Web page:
What we count
We count all the people who attend regular weekly worship gatherings. This number includes those who attend in person on Sunday mornings, those who attend a weekly Tuesday night worship service, those who attend worship online, and those who attend through other means. This number includes adults, children, church members, seekers, and visitors. This number includes church staff, volunteers, and pastors. We count all the people.
Since 2017, The United Methodist Church’s General Council on Finance and Administration has asked local churches to report two metrics each year:
Average attendance at all weekly worship services [Question #7] Report average in-person attendance at all services held on a consistent weekly basis as the primary opportunity for worship. Count all persons (including children) who participate in part of any of these services. Do not include online worshippers nor attendance from irregularly held special services (i.e. Christmas Eve services).
Number of persons who worship online [Question #7a] Report here average weekly number of unique viewers who access worship online. This includes those live streaming your worship service and views/downloads of recorded worship services (audio or video), sermons, and/or podcasts. Do not include generic hits/visits to your website.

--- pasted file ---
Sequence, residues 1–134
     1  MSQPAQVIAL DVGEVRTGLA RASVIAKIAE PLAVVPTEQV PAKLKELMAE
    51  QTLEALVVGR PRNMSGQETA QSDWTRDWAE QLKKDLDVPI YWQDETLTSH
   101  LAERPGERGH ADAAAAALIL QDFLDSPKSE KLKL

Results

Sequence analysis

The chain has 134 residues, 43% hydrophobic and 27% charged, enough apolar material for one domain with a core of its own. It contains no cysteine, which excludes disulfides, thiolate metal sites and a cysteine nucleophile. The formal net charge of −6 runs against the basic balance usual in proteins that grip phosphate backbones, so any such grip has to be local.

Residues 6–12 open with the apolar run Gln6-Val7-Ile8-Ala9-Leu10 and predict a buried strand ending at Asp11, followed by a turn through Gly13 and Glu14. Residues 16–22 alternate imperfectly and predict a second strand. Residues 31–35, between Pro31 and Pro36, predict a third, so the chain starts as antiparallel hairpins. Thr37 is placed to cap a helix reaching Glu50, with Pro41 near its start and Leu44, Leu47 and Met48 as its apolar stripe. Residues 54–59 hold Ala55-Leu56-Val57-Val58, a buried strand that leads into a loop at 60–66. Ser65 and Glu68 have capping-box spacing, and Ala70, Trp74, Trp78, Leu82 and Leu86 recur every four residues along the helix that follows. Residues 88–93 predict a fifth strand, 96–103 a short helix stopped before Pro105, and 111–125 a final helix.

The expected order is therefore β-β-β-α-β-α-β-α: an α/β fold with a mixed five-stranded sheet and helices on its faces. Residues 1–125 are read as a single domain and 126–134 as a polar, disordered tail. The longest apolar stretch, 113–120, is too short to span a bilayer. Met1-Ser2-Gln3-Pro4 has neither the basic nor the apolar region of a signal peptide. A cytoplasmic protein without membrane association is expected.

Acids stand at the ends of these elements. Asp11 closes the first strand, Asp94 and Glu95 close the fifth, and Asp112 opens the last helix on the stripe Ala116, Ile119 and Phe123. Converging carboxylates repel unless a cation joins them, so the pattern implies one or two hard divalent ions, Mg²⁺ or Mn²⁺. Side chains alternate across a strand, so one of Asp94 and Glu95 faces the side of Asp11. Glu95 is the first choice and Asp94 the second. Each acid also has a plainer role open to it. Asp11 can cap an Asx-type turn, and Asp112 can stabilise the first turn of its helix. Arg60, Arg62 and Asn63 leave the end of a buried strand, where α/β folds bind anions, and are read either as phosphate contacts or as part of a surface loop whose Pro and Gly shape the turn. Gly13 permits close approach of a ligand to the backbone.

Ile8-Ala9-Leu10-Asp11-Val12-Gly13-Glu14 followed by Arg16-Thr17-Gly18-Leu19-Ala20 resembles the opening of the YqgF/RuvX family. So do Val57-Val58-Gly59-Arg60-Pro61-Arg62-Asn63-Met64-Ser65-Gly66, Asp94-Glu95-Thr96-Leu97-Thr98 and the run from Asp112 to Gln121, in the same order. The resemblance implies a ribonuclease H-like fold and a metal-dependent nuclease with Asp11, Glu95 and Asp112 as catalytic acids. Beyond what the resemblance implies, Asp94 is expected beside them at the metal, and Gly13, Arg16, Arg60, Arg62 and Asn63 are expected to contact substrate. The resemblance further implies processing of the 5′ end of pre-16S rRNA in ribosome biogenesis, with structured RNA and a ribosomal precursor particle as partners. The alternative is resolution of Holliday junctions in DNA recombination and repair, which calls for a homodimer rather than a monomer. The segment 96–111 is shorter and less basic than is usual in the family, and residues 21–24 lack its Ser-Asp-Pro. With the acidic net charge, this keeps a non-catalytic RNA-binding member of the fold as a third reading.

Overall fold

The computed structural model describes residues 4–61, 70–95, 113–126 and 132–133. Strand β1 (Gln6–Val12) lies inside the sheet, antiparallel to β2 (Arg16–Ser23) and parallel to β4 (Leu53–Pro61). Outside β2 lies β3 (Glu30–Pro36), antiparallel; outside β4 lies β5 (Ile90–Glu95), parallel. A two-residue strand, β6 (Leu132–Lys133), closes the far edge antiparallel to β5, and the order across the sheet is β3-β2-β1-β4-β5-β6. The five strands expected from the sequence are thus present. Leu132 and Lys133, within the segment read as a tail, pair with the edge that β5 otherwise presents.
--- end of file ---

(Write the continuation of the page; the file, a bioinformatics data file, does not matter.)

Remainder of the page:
How to count
Count in-person worship attendance by designating someone, preferable not the pastor, to count all the people in worship including infants and children. Keep this count for every regular, weekly, public worship gathering. Keep a log of weekly worship attendance and have leaders regularly review it to watch for trends that might be impacting the congregation.
Counting online worship attendance can be a little more difficult depending on which platform the church uses for broadcast. For worship services held over video conference platforms, such as Zoom, or over the telephone, you can easily count all the live participants. Social medial platforms, such as Facebook and YouTube, can be more difficult. The United Methodist GCFA offers this guidance:
For online views, count anyone listening online for whom the church has evidence of participation. This can be done through an online check-in process or through analytic software associated with your streaming platform. Confirm that the analytics demonstrate that the person viewed the worship for a significant portion. Create a standard and stick to it consistently. Be aware that some platforms’ analytics – like Facebook – will even count someone scrolling by as a hit. You should filter down to those who “attended” a significant portion of your stream.